Another favorite is Willy’s Red Ant. This fly appeared in the late 1990s and soon became a Jackson Hole favorite—it won the Jackson Hole One Fly contest in 2001. There are numerous thoughts about why red flies work around Jackson in August and September, but no conclusive answers have been drawn. Obviously, the fly was too good to leave one color, so now there are golden stone, purple, salmonfly (rust brown), pink, peach, green, orange, UV tan, olive, and peacock variations available, and most use Mylar dubbing and Krystal Flash tails.
Currier (who is also a good personal friend) says you can’t go wrong with whatever variation you pick. “Just shut up, tie it on, and catch fish,” he says, though I should note many of the color variations in the Jack Dennis Outdoor Shop are there because he had them custom-tied.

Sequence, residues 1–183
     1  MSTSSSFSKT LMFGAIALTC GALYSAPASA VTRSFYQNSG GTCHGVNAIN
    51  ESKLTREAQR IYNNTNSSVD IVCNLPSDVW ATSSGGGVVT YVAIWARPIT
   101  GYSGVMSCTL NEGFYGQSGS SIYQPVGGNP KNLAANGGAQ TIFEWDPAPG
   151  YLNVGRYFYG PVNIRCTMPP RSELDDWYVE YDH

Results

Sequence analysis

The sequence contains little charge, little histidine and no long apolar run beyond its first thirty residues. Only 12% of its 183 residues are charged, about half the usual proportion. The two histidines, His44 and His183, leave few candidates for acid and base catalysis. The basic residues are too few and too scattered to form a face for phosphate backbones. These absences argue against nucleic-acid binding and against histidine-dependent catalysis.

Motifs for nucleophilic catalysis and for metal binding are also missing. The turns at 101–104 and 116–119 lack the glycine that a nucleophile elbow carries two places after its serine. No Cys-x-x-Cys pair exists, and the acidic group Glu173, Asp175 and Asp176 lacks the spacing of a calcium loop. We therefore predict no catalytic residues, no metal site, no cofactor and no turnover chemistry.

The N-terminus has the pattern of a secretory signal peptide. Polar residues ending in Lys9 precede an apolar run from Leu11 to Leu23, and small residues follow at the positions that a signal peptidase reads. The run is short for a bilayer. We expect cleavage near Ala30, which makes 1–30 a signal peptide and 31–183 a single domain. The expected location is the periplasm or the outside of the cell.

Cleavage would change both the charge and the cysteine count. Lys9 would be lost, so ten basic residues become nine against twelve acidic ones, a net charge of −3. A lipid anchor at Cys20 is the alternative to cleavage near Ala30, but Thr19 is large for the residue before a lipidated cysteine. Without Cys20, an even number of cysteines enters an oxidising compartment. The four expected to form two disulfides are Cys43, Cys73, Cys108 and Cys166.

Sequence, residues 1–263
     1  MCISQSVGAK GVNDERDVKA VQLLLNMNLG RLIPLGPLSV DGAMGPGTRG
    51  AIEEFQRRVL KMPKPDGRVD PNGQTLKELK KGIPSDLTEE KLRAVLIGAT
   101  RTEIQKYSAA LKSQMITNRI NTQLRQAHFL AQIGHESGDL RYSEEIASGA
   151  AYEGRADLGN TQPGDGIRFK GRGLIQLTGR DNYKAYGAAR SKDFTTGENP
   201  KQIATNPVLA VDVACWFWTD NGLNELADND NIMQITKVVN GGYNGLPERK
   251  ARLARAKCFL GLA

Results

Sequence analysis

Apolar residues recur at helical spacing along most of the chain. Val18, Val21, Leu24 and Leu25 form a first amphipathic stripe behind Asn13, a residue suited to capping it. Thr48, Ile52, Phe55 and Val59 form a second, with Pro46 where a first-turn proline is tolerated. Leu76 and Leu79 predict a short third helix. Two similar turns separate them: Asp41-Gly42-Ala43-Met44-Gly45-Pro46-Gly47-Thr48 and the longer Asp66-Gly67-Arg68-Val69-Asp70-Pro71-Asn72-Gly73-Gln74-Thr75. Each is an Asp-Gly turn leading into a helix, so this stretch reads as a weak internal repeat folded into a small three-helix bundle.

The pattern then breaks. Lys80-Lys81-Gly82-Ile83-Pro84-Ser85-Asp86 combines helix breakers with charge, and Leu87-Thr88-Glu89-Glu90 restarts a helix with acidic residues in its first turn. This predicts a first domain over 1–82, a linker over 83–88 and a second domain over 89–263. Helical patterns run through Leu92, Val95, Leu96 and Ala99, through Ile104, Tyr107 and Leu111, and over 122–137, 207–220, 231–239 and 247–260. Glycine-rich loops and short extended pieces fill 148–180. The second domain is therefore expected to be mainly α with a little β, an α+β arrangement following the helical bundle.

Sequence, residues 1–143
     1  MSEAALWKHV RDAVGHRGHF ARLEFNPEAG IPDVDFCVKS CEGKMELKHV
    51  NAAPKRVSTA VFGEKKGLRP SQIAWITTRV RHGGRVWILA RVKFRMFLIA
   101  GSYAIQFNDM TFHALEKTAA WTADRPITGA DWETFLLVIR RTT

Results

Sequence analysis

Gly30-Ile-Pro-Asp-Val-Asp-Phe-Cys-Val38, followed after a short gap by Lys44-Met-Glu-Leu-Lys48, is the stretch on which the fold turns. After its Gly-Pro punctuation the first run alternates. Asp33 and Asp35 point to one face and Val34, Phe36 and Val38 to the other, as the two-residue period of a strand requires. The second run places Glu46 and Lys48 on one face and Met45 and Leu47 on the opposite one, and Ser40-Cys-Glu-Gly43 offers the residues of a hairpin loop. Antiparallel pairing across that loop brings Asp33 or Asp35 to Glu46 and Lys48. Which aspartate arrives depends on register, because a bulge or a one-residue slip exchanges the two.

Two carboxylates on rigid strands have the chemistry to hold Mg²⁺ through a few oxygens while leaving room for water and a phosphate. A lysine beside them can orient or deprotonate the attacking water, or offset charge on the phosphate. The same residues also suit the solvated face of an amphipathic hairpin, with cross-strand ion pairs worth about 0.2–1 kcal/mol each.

Willy’s Red Ant
HOOK: 3XL nymph or streamer, sizes 6 to 14.
THREAD: Black 6/0.
UNDERBODY: Red rabbit dubbing mixed with pearl Ice Dub.
BODY: Black 2 mm foam.
LEGS: Medium round black rubber.
WING: White Widow’s Web.
Tying Willy’s Red Ant
Don’t Do the Twist
A common problem with big foam flies is the body can twist on the hook shank. To avoid this, build up a good thread base first, then coat the hook shank with cyanoacrylate glue, and then add a small amount of dubbing. The dubbing gets fused to the hook, and the rough texture helps hold the foam in place.
The most common foam used for Chernobyls is 2 mm closed-cell foam, but depending on the size fly and how high you want it to float, you can add two or more strips. In fact, my personal preference for size 6 and larger is to use matched strips. (Use contrasting colors for a twotone effect.) If you want only one strip of foam, use 3 mm or 4 mm sheets—you can create a larger profile and make it less dense, though it may take a few more additional thread wraps to secure.